ComputerWorld Tablet Article Features RESCUECOM

Five Pieces of Advice on Tablets

Tablet Computers: Five Things You Need to Know

Computerworld: Agam Shah
March 25, 2010

Apple's iPad brings tablet computers back into the limelight but will these devices fulfill your needs?

They're not mini-laptops. Tablets are handheld devices with touch screens ranging in size from five to 10 inches. Also called "slates" by PC makers, they include touch interfaces that allow users to surf the Web, play games, view movies and read e-books. One celebrated example is Apple's iPad, which was announced in January and goes on sale this month. Makers expected to start shipping devices later this year include Dell and Hewlett-Packard.

They fill a gap. The rapid growth of mobile Internet and touch screens has created a new class of computing devices for consumers, says Phil McKinney, Hewlett-Packard's CTO. Tablets enable mobile access to online content like newspapers, movies and games. Apple CEO Steve Jobs surfed the Internet and watched a movie on the iPad while sitting on a couch at that tablet's unveiling. He said the iPad is meant to fill the void between the iPhone and the MacBook laptop.

They're Best for fun. Tablets have drawbacks compared to laptops (no keyboard, limited software support), but they work well as entertainment devices and e-book readers. Tablet users need to hang up their PC reliance, says Vira Chen, assistant product manager at Micro-Star International, a Taiwan-based PC maker. A lot of trial and error goes into perfecting these devices, and the most innovative company will win, Chen says.

They Travel Well. The device is mostly for casual use, but tablets could find some business uses. David Milman, CEO of computer repair firm Rescuecom, says that tablets could replace laptops for presentations and working on planes. "Certainly getting through security would be easier with an iPad than with a 4-pound laptop and all of its accessories," Milman says. But tablets could break if subjected to rigorous use, so they need to be designed to be more rugged.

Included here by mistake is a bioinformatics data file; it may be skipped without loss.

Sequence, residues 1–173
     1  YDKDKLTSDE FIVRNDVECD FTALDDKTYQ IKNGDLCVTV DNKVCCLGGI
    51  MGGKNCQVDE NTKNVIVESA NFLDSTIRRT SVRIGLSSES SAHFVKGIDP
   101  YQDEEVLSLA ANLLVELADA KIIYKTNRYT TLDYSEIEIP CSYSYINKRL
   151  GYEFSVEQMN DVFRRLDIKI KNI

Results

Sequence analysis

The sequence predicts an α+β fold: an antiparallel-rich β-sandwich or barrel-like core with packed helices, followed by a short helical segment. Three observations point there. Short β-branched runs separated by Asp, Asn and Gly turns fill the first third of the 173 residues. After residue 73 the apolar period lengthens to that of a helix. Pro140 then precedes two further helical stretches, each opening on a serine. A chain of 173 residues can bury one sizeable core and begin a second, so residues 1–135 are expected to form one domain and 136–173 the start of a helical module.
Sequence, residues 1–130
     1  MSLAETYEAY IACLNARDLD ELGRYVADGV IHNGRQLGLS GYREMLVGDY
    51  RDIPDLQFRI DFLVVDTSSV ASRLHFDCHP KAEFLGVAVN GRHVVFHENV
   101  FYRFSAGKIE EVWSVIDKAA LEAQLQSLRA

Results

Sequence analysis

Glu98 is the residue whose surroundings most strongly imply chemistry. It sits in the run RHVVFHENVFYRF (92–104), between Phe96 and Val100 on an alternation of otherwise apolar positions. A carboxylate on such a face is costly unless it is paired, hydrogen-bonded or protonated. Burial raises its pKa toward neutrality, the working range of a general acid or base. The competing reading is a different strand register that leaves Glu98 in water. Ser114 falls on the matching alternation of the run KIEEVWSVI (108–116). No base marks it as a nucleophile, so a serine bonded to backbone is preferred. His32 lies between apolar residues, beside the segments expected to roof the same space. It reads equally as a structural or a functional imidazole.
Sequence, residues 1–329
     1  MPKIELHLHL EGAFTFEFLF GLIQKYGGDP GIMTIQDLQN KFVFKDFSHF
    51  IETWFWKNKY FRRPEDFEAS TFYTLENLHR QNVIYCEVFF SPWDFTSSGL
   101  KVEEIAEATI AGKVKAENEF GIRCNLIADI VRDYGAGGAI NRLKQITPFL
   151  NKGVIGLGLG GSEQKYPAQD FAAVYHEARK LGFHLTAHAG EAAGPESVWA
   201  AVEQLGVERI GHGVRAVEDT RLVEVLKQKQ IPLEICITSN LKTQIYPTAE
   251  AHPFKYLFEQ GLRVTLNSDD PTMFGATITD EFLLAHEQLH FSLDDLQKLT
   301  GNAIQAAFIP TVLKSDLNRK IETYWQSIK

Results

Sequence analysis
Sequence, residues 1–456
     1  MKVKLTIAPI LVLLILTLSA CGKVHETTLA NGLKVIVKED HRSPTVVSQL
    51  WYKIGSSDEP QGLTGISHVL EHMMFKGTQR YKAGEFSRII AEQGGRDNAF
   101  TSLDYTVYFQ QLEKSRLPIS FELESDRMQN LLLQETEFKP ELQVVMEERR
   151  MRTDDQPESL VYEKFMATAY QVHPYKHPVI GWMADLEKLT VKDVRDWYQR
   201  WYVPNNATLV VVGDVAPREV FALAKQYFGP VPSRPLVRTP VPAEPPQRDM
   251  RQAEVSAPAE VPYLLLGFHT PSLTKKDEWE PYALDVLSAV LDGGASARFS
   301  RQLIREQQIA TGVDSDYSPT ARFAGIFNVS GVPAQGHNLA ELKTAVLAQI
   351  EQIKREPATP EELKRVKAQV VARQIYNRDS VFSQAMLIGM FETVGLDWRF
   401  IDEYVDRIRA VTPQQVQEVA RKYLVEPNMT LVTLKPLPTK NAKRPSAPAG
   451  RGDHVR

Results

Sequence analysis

Business uses are limited. Analysts say tablets will suit niche markets, like workers recording field data. But there are obstacles too, says Steve Rausch, director of information services at Gibson General Hospital in Princeton, Ind. "I know our doctors would love the iPad if it could run our software. It's light, comfortable, and something they're used to since they have iPhones," he says. Right now the iPad only runs applications from Apple's App Store

Google Reviews

Patricia Farr
Patricia Farr
in the last week
Rescuecom has once again rescued me. This time from a potential identity theft situation, and then a
...Rescuecom has once again rescued me. This time from a potential identity theft situation, and then after solving that, updating all security and operating systems. All with incredible patience and expertise in what for me was a very distressing situation. My level 3 tech Maddy spent literally days getting everything straightened out and David gave me some tips and advice that I have used. The technicians at Rescuecom are for me the best and most professional, and are always there to help quickly, with understanding and kindness, when you need them most. less
Carol Vaupel
Carol Vaupel
a month ago
I would give him 5 stars.
...I would give him 5 stars. less
Cynthia B. McCoy
Cynthia B. McCoy
a month ago
wonderrful
...wonderrful less
Sue Baran
Sue Baran
a month ago
Jim P. was very good in explaining why a call was inputted and explained the updates that he was goi
...Jim P. was very good in explaining why a call was inputted and explained the updates that he was going to do from both Windows and Rescuecom. After completed he helped with some boot up programs to be disabled to help give me a little more "speed" in startup. Great experience. less
View all Google reviews

Featured in:


Feature Inthe New York TimesFOX NEWSUSA TodayComputer WorldCNNForbes